This is what I find hard to accept, I suppose. Just because it's easy to do doesn't mean that's where the focus should be. Presumably most people, including the shoppers inside the store at the time, were largely unpeturbed by the actions of a few schoolkids.

    To arrest/charge them all seems heavy handed/disproportionate vs the light handed 'smash what you like' effort for the anarchists seems senseless to me.

  17. @Matt - the action at Fortnum and Mason's was not the focus of police response at all. It was actually just a small part of what was happening that day. A senior police officer decided that the invasion of the store and the action taken by the protesters put them in breach of the Public Order Act and ordered their arrest. The courts will have to decide if shoppers were peturbed or not. That will be the crux of the case. The protest was not entirely peaceful and significant damage was caused to the store, so there are bound to be people that were quite alarmed at what was going on.

    I think we would have all liked the thugs who were just out to cause damage and injury arrested and some of them are being scooped up.

    The two issues really need to be seperated though. It was not a case of the police arresting one or the other and choosing the softer option, they could have arrested both factions. In my opinion they could have dealt with the violent thugs more robustly but the management chose to monitor rather than act for the reasons outlined above. That is the disgrace and embarrassment to the police. Lex

  18. You blokes are a hoot! Just as I remember you all when it was my privilege to visit the UK in the 1970's while in an official capacity. I was hosted by the police in Leeds and Birmingham and finally New Scotland Yard in London. It was my honor to meet so many dedicated officers.
    Today I am a freelance writer contracted to write and post on the CSI Tech Blog here in North Carolina.
    Not much has changed over these years. In reading your posts and comments it is apparent that we will always be faced with an element that is determined to disrupt the peace and solitude we all seek.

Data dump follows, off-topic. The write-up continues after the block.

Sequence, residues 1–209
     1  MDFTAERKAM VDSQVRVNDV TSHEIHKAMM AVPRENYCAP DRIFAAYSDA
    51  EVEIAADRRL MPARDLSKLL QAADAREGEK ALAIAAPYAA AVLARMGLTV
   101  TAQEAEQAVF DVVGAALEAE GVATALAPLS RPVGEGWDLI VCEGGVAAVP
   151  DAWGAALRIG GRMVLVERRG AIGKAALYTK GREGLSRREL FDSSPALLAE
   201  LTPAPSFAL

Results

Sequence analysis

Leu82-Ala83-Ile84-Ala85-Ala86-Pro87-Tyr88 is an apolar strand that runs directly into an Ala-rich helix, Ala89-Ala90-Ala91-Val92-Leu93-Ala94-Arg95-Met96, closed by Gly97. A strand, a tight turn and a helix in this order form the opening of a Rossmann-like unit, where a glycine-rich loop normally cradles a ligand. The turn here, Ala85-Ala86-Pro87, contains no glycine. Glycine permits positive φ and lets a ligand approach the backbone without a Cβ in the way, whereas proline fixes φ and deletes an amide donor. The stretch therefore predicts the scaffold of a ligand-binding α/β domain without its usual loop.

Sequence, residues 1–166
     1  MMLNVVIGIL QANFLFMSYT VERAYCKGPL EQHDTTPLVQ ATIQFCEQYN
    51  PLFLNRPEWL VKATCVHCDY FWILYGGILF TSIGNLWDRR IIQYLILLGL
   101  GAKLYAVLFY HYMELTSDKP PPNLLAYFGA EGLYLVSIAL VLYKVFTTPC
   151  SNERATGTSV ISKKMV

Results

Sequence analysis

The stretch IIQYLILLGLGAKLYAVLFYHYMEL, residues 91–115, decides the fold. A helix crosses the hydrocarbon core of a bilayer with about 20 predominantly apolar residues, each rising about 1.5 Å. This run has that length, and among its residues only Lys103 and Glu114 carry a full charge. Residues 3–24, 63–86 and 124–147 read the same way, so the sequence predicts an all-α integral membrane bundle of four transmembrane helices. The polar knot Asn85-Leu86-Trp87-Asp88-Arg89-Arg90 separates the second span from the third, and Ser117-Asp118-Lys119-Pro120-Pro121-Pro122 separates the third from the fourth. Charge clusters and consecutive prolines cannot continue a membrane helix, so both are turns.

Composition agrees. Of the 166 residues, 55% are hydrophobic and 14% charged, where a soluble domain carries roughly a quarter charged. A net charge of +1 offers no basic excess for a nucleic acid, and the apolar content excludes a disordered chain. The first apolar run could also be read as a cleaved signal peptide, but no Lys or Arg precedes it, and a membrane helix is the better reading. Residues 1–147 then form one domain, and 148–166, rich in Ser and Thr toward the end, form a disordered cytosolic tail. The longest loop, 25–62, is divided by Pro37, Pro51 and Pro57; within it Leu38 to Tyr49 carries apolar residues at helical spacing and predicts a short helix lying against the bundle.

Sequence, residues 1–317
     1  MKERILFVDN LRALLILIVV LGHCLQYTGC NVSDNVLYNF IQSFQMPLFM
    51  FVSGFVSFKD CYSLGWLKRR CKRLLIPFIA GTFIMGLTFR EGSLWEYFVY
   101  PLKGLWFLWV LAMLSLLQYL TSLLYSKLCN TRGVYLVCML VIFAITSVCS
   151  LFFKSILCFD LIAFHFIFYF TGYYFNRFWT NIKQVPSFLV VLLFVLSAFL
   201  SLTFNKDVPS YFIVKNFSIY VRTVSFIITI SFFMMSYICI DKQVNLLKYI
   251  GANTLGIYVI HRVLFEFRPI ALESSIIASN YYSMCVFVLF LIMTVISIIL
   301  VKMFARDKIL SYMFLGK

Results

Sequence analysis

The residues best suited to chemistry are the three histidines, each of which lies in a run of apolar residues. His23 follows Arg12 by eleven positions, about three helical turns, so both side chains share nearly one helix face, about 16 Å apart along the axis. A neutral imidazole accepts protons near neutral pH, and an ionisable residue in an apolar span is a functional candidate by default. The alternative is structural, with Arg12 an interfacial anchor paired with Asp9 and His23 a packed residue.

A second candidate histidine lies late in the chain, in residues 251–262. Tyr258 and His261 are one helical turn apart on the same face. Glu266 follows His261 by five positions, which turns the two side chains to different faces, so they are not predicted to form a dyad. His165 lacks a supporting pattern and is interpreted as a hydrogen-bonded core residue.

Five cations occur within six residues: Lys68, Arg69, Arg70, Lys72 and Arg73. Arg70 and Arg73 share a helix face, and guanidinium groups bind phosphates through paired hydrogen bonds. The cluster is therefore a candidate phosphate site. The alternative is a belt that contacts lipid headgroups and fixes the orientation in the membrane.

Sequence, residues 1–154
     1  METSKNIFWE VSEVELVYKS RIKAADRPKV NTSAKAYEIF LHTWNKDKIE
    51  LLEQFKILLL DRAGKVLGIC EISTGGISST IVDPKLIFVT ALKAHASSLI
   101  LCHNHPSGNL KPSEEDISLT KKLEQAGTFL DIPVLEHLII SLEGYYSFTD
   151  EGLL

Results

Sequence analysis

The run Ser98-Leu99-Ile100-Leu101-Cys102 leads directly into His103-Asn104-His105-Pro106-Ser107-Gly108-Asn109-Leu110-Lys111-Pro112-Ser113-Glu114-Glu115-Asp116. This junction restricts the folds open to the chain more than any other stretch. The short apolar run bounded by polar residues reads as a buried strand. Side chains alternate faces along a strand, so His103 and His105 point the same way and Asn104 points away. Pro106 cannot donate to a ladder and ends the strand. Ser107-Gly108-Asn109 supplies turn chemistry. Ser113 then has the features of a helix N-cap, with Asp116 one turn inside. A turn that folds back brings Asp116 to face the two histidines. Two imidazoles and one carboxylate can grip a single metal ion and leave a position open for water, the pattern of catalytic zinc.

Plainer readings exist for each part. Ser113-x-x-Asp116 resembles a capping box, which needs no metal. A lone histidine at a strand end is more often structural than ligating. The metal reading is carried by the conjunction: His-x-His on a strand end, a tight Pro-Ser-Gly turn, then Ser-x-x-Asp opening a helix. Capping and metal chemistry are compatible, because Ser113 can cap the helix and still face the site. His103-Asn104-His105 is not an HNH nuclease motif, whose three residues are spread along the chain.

All the best,

    Don Penven

  19. In relation to the arrest of the protesters at F&M - it is interesting to look at the timeline and the statements made to camera, and subsequently, by AC Lynne Owens. The decision to arrest was made at the end of the march when increasing press pressure was being put on the senior management with respect to their performance on the day. Owens statement to the effect that over 200 arrests made it their best performance to date looks a bit weak when you consider that she had just ordered the arrest of 150 protesters that were being kept in F&M for their own safety according to CI Clark who was the senior officer on the scene. In subsequent questioning by the Home Affairs Select Committee, she stated that 'some' of those charged with offences at the demo were from F&M - according to the facts, 'some' equals 138 out of 149 or 93%...
    As a parent of one of those arrested, I would like to pay tribute to the officers in F&M and those at the police station where he was held - they were polite, helpful and considerate. My feelings about the senior management of the MPS and their self-serving and foolish behaviour are something else. Whether in public service, banking and industry or politics there seems to be a common pattern where the self-serving, self-satisfied and mediocre float to the top.

    The protesters have my full support - I abhor violence and criminal damage but civil disobedience must be allowed and we must take back our society - that is my vision of the Big Society.

  20. Simon - exactly. I am not naive enough to think that the two issues are separate.

    Lex - apart from the above we are more or less in agreement I think. Monitor the violence, give short shrift to the sitting down.. wrong way round !